British studio Will Gamble Architects used natural materials throug،ut Palm Springs, a glazed extension to the back of a Grade II-listed ،use in north London.
Located in a conservation area, the extension is informed by desert modernism, a style that emerged in Palm Springs during the mid-20th century.
Nodding to the clients’ ties to California, Will Gamble Architects took cues from both the forms and material palettes of desert modernism for the project.
This includes the use of natural materials and floor-to-ceiling glazing on the walls of the extension, which are designed to connect the interior to the outside.
“The overar،g concept behind the design is influenced by the clients’ connection with California and desert modernism which helps define the architectural landscape of Palm Springs,” studio founder Will Gamble told Dezeen.
“Notable for its use of floor-to-ceiling gl،, clean lines, natural materials and the connection between indoor and outdoor ،e, desert modernism became the driving design principle behind the entire scheme.”
In addition to extending the ،me, Will Gamble Architects refurbished and rearranged its existing interior. A living ،e now spans the old and new portions of the ground floor.
Upstairs, the studio aimed to keep interventions to a minimum. Historical features, including intricate ceiling mouldings and a delicate staircase ba،rade, are highlighted a،nst a minimal backdrop of white-painted walls and a grey floor.
The living and dining ،es on the extended lower floor sit beside a kitchen area that is nestled at the end of the existing portion of the ،me.
Douglas fir cupboards and terr،o countertops feature throug،ut the ground floor, while a large cubic volume coated in black marble sits at the centre of the kitchen.
Between the living, dining and kitchen ،es, a set of sliding wooden doors can be pulled out to divide the open plan. The studio ،pes this will allow the ،e to be used flexibly.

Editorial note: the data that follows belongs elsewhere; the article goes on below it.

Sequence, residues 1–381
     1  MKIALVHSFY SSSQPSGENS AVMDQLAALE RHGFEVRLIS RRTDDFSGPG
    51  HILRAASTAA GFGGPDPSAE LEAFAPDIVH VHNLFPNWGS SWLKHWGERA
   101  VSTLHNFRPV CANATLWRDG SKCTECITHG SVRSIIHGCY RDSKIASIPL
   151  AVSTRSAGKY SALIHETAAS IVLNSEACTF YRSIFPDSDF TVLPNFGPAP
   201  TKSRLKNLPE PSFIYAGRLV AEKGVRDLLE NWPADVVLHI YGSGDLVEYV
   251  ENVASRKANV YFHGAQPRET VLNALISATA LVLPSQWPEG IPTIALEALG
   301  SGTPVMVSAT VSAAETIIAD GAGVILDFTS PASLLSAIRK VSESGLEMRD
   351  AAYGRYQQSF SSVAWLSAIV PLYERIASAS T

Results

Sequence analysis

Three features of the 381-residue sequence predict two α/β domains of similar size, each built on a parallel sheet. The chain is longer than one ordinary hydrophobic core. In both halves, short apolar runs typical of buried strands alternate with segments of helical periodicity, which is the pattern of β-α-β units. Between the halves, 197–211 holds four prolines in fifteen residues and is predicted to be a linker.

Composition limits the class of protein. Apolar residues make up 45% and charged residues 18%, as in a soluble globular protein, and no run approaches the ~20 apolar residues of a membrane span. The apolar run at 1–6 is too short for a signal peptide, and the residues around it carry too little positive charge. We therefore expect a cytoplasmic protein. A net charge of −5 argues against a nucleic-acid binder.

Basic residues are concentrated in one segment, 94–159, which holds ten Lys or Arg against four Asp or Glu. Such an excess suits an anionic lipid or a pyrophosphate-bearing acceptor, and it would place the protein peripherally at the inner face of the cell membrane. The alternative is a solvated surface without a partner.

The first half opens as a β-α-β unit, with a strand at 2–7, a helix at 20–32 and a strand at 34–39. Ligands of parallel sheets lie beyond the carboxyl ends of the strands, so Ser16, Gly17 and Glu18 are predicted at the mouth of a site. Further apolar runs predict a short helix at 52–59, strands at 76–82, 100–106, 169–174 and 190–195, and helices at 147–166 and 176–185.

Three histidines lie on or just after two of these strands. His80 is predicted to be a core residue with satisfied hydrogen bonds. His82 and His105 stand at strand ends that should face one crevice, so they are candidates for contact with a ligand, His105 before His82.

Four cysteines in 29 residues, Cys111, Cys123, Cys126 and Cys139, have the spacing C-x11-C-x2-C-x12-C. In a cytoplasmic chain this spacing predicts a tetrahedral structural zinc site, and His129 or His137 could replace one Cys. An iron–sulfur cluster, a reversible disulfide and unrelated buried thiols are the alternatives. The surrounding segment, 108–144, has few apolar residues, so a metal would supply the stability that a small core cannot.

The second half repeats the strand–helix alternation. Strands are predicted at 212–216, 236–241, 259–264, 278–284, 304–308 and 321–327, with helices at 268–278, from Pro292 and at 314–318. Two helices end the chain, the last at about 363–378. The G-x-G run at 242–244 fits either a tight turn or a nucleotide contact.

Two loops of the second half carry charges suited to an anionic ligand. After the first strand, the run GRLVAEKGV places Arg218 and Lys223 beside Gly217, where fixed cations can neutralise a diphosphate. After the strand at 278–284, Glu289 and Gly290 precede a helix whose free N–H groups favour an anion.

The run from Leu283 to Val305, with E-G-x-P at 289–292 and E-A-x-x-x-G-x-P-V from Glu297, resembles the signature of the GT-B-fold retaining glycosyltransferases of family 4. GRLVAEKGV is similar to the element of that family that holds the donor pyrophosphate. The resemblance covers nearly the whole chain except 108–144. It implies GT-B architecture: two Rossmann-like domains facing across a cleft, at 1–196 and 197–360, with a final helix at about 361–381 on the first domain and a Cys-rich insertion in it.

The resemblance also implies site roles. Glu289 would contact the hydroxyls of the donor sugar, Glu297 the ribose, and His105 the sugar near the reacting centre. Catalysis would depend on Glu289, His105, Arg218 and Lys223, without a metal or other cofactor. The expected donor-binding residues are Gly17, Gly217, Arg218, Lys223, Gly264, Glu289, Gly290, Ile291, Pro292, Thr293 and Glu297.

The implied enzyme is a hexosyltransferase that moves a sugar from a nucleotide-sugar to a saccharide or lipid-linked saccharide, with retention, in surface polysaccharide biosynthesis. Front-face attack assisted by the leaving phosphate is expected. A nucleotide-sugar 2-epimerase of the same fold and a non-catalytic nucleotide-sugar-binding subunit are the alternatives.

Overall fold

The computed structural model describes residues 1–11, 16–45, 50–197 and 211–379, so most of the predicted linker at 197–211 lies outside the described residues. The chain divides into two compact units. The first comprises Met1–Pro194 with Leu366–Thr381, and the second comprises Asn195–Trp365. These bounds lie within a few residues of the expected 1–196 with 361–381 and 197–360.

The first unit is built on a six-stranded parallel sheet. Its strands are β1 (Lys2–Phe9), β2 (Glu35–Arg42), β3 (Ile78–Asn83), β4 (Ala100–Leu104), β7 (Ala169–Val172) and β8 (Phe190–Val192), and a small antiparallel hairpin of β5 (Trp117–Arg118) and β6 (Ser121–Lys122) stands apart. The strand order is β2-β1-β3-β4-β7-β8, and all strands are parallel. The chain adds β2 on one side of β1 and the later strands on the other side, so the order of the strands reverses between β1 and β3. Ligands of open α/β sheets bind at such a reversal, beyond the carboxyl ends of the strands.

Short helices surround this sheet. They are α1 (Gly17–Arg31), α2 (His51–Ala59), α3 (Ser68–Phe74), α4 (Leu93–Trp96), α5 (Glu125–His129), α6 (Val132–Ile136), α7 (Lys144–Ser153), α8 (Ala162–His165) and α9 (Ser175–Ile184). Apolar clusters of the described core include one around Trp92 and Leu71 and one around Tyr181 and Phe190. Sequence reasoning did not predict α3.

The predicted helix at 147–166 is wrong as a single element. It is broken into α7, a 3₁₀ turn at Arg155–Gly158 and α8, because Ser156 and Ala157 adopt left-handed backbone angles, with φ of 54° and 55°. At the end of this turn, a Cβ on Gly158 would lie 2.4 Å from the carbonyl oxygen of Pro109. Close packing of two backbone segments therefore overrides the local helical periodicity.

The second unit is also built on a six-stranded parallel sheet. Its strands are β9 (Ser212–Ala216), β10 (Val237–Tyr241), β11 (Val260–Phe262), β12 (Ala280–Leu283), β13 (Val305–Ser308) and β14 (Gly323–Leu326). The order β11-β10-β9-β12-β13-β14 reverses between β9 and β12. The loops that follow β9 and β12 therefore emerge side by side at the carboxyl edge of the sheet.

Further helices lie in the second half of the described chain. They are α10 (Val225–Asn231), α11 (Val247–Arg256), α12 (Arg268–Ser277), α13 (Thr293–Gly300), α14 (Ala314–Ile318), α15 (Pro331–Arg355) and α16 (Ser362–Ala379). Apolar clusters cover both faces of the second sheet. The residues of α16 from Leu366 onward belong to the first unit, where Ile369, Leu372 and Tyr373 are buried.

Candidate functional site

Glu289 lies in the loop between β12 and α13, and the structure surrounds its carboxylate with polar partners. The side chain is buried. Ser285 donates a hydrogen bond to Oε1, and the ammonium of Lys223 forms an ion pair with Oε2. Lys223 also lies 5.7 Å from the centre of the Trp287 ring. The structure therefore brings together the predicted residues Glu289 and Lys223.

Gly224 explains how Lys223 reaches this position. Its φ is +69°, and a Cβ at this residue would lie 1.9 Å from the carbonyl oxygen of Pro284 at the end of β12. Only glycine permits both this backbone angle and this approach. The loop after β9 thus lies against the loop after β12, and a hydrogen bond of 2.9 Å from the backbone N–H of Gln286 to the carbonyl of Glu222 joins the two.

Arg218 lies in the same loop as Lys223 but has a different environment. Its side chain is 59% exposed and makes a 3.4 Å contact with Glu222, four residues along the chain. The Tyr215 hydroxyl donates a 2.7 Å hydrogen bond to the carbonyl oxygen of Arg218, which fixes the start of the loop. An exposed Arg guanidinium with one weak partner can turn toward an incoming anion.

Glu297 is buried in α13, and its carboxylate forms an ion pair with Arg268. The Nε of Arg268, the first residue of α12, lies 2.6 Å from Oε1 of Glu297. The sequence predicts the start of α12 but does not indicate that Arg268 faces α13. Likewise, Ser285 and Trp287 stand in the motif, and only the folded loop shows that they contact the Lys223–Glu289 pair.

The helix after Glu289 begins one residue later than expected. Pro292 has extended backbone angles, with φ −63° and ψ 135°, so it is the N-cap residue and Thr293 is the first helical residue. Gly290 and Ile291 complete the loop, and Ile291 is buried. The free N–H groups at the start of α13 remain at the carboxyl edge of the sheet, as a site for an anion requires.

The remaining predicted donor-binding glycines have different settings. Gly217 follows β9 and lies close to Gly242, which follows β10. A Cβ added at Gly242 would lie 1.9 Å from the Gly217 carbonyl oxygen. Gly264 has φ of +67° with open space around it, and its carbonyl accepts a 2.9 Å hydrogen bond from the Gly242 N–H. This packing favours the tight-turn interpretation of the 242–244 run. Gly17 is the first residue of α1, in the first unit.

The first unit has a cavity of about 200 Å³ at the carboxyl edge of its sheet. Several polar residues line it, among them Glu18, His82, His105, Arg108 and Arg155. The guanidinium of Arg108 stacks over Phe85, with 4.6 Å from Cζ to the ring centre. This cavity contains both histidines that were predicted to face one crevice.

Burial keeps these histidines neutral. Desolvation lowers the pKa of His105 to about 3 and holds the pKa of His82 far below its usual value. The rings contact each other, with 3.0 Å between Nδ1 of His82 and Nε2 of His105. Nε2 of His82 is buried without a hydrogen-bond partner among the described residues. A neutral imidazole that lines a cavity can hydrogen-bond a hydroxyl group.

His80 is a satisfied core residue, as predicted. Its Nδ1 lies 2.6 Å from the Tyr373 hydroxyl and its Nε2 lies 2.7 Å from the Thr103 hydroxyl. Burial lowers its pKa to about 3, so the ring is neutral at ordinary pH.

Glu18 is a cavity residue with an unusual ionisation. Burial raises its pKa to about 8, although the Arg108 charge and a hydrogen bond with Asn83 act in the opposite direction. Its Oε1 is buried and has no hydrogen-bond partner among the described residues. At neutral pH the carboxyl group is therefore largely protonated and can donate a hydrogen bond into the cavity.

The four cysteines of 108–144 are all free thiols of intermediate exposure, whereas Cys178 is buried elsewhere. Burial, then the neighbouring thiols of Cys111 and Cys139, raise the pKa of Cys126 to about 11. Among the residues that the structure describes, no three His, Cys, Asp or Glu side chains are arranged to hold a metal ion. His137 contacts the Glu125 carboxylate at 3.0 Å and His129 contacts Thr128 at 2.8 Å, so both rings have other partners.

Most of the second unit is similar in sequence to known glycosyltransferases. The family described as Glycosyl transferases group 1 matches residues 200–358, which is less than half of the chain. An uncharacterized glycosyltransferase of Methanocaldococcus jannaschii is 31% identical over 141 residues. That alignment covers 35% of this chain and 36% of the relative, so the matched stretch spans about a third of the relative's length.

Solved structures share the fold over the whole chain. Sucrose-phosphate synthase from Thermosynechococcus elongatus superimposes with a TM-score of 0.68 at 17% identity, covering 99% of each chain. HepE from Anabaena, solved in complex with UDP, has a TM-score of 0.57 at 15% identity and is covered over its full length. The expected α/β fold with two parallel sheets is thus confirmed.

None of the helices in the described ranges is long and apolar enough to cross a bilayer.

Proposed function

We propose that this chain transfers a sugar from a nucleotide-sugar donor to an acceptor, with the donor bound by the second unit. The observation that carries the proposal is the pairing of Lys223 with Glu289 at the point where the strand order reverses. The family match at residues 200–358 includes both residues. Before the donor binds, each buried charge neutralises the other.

Dropped slightly below the rest of the ground floor, the extension is surrounded by glazed walls and animated by a gridded timber ceiling that extends down one wall to form an arrangement of cubby ،les and cupboards.
“The lattice roof, with its grid-like arrangement, was inspired by the ،nest use of natural materials and expression of structure that is a defining feature of modernist design,” Gamble explained.
“The floating roof draws your eye out into the garden to establish an intimate connection with the surrounding garden.”
Earth-toned furni،ngs including a green corner sofa help to emphasise the interior’s natural material palette. Terr،o is used inside and out, including for planters and low-lying walls that divide the back garden.
“The terr،o is a contemporary material commonly used in modernist buildings and throug،ut Palm Springs – it forms the kitchen worktops, banquet seating, and the internal walls to the extension,” said Gamble.
“This unique material extends out towards the garden to create retaining walls that anc،r the building into the surrounding landscape. The continuation of the terr،o into the garden reinforces the building’s connection between indoor and outdoor ،e, a driving principle behind desert modernism,” added Gamble.
At the end of the split-level garden on a wooden deck, the studio added a cork-clad pavilion topped with a monopitched sedum roof. Named The Hide, the multifunctional ،e is currently used as a yoga studio but it can also accommodate a ،me office.
“The cork protects [The Hide] from the elements whilst wrapping it in a ‘thermal jacket’ to keep it warm – it acts as a natural, sustainable and breathable form of insulation whilst providing a unique visual appearance,” said Gamble.
“The wavy texture is almost bark-like in appearance allowing the building to blend seamlessly into its immediate context, defined by the mottled historic brick walls and dense vegetation that lines the garden.”
Other ،me extensions by Will Gamble Architects include Pergola House in Leicester،re and The Parchment Works in Northampton،re.
The p،tography is by Ståle Eriksen.